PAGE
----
Mr. Cunignham and some others in a mob try to prevent Atticus from representing Tom by killing Tom and or Atticus if he trys to stop them
Atticus must face some of his fears when Jem and Scout are bullied because of Atticus's role in the trial. He is concerned about how Jem and scout will handle these confrontations. He's especially worried about Scout, who is known for being very volatile.
Atticus faces many trials. When taking the case he had to choose between moral obligations and his children's safety, he is confronted by a mob and threatened, and he must also compile enough evidence to convince a small southern town that a black man is right and a white woman is wrong.
Atticus's sister, Alexandra, Disproves of him taking the case. Alexandra is less open-minded than Atticus. They are often at odds about how Atticus raises his children as well as him defending a black man.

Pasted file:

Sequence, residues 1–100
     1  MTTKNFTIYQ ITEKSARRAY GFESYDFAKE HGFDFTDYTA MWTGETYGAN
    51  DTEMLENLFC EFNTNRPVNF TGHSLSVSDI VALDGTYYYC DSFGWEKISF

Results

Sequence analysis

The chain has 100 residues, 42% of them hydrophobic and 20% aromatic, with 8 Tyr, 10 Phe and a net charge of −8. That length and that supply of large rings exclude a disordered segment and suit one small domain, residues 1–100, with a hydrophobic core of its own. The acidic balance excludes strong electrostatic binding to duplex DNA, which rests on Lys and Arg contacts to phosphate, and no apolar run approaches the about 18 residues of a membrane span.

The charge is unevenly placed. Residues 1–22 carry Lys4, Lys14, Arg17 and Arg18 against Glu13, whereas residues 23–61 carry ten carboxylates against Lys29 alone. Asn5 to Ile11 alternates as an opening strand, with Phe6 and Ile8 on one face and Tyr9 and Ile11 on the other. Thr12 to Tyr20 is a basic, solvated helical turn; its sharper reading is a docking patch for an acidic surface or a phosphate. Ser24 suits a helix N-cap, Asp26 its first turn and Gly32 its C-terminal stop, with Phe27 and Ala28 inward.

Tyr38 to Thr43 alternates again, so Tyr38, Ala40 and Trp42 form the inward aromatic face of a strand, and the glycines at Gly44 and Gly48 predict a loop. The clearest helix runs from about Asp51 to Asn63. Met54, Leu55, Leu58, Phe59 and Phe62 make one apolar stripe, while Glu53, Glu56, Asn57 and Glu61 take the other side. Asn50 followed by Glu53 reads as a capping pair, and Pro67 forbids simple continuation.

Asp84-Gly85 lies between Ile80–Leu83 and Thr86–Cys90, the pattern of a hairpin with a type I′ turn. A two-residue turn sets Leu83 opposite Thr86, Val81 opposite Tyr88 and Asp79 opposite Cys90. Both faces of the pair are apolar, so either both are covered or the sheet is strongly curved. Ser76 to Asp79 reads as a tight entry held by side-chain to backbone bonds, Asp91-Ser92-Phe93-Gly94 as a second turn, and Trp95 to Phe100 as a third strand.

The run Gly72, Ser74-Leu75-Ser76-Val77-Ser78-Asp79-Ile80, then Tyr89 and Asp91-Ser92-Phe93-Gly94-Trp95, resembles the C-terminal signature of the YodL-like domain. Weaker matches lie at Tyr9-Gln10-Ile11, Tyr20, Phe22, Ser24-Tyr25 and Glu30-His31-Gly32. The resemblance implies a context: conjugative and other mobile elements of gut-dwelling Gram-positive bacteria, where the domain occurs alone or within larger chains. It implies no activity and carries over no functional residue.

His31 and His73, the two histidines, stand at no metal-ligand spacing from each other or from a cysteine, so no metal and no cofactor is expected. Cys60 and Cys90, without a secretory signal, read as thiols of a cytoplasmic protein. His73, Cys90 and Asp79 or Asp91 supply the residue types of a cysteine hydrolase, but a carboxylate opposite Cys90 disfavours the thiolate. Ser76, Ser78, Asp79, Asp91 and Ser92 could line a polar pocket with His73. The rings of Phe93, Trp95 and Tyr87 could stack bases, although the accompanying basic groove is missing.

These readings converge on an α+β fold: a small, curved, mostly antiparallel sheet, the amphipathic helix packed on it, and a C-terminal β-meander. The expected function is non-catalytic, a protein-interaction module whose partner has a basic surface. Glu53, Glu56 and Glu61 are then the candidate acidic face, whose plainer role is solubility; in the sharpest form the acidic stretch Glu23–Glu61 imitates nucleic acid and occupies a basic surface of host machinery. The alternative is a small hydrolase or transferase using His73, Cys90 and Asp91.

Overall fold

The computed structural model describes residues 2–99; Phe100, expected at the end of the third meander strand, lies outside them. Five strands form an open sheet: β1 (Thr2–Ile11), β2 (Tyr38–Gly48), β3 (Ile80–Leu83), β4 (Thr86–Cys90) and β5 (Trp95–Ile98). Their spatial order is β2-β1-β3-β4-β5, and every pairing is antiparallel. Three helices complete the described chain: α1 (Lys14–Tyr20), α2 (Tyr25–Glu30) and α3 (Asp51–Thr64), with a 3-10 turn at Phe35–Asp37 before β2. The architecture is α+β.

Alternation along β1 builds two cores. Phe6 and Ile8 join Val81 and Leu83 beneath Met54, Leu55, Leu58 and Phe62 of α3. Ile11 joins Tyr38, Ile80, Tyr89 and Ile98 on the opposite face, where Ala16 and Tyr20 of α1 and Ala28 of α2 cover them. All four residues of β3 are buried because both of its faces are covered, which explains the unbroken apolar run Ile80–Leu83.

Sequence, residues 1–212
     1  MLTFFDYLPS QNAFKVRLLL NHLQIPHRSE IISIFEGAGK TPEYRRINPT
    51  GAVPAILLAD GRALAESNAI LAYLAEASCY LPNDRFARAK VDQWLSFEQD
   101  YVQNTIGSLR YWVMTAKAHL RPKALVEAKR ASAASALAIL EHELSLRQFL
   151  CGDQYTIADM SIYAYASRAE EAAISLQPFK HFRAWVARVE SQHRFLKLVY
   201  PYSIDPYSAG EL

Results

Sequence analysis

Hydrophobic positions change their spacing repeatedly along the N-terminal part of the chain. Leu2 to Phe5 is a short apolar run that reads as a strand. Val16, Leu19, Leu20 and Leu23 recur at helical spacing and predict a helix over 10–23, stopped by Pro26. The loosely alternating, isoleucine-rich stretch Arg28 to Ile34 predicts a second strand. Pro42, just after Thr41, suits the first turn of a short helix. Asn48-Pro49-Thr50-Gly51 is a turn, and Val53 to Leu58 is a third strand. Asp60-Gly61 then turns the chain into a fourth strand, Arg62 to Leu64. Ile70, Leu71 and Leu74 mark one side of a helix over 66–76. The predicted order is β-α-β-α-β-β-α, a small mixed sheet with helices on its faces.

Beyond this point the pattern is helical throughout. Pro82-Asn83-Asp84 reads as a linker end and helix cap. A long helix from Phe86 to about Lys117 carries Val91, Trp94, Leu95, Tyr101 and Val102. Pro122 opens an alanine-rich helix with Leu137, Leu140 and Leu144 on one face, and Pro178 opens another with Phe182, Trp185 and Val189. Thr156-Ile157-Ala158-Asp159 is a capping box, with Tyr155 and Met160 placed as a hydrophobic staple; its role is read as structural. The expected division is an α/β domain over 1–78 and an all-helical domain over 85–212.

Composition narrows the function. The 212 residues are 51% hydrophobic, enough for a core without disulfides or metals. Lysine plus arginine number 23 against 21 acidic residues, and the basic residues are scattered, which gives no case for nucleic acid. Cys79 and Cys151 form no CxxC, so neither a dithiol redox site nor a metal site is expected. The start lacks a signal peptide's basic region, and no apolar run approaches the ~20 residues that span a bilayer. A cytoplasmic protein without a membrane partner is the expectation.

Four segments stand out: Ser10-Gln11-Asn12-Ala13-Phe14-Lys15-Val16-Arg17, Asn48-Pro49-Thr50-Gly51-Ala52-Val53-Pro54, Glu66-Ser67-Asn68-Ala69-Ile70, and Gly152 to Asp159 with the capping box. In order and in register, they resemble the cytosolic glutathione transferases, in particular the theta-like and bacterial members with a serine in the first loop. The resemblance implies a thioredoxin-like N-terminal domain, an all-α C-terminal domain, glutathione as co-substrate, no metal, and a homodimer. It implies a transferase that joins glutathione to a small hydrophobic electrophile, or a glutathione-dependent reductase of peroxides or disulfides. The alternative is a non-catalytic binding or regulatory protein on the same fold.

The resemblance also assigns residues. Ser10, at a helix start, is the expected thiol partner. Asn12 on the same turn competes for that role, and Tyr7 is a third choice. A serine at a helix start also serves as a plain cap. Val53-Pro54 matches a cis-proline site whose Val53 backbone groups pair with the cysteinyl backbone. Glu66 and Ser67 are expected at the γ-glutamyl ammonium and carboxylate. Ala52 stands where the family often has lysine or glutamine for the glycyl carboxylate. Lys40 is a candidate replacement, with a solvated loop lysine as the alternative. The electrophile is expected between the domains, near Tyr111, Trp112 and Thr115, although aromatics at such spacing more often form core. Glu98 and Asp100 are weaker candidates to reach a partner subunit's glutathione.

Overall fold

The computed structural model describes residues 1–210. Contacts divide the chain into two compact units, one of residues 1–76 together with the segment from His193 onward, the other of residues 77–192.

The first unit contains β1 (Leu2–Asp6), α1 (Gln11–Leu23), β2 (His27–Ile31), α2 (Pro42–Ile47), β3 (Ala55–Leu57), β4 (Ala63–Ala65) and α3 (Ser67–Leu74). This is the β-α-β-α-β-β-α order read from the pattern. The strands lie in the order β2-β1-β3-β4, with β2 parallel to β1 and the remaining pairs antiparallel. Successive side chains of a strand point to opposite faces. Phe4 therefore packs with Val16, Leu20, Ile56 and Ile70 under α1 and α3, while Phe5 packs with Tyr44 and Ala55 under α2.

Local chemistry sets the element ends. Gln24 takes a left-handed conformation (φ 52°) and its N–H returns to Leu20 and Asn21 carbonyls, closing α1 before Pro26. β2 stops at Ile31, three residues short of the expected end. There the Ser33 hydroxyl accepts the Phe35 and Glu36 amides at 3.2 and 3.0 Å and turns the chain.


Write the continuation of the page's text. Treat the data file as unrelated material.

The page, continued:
Even though Atticus is more open-minded compared to Alexandra, he still holds a lot of personal prejudices. He must face his beliefs and decide what's more important to him, skin color, or the law.
Atticus has a special bond with his kids, he listens to them and never yells when disciplining them, which was uncommon or the time. He often lets them figure out what they're doing wrong through subtle parenting instead of outright saying they're bad. Atticus trusts his children to do what's right.